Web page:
The Black Death an Infectiously Fun Survival at EGX REZZED
As gamers eagerly explored the catacombs of London’s Tobacco Docks at this year’s EGX Rezzed, the atmosphere in one particular corner of the packed convention was utterly infectious. While it could have easily been con flu I suspect it was excitement surrounding The Black Death. The Black Death is a Massive Multiplayer Online Survival game, brought to EGX by publisher Greenman Loaded and already in early access.
Developed by Syrin Studios and Small Impact Games using the Unreal 4 engine, the Black Death is far more than just a menacing name. It is an incredibly achievement for a team of seven developers, who have already managed to bring a healthy change to a genre plagued by post-apocalyptic zombie shooters. Set in Western Europe during the 14th century, The Black Death crams up to one hundred players into a grim world that is fraught with challenge and encourages players to make choices that will noticeably impact their experience.
Many survival games rarely present players with any decisions of consequence. Choices can seem frivolous when players have the ability to do everything they need to be entirely self-sustaining. Permanent death, which exists in The Black Death, can make investment seem futile and the only decisive action becomes the choice to run or gun. Taking a nuanced approach, that borrows from RPGs, The Black Death allows players to start with a choice of profession. Each profession is uniquely qualified and suits a specific role. Peasants, for example, excel at farming and gathering, Merchants can trade, and Militia are especially ferocious warriors.
Servers overflowing with Militia are unlikely to become fearsome warriors without procuring weapons, while Peasants will be ill equipped to defend themselves without the help of friendly Militia. The imitations of each profession and their dependencies support a far more varied set of interactions than simple flight or fight. Combat is not, however, the deadliest threat in The Black Death. Starvation and Infection are just as likely to fell a player as any injury.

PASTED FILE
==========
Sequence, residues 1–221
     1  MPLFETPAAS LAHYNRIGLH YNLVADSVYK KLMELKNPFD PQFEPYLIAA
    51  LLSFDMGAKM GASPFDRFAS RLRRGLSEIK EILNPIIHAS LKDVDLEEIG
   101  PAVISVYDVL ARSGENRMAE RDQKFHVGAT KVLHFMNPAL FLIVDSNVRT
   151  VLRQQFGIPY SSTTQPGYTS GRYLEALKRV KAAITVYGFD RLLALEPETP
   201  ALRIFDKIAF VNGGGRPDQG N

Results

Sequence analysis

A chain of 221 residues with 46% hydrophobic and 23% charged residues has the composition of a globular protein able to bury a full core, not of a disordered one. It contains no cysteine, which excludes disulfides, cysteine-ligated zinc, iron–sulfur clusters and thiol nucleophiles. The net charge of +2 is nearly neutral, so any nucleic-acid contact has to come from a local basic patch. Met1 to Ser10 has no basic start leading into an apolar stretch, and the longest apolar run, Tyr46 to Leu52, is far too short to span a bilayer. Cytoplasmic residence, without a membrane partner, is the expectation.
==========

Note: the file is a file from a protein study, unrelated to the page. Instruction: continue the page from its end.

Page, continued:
Drawing inspiration from the game’s namesake, Disease is rife in The Black Death and is passed between people unchallenged. If a character is unable to eat or avoid infected elements of the population, then death is almost certain. Careful management can prevent, but not cure, this infection from taking hold. This creates an interesting quandary for adventurers. Social engagements are driven by deliberate dependencies between professions and despite this, infection makes human contact the riskiest of choices.
During my hands on with The Black Death, hunger and infection indicators hung at the top of the screen, a reminder of my character’s fragile condition. After a trip to one of the many villages that peppered the eight square kilometres of landscape, I successfully acquired provisions but could just as easily faced crime, disease or even another player defending their house as I decided to roam the back alleys of a major town. Combat as a Peasant consists of a pointy stick, wielded using The Black Death’s own stance system.
From combat to trading, to hunting the local wildlife, every action in The Black Death is calculated risk, with a multitude of potential outcomes. Should you meet a gruesome end at the hands of an oversized splinter, all is not lost. The Black Death incorporates an inheritance and account progression system to ease the burden, as well as the opportunity to loot your own corpse. With a myriad of systems that I could barely explore, as well as clans, social systems, and PvE events due in future updates, The Black Death might just leave the rest of the survival genre dead and buried.
About the Author
Edward "Screenager" Orr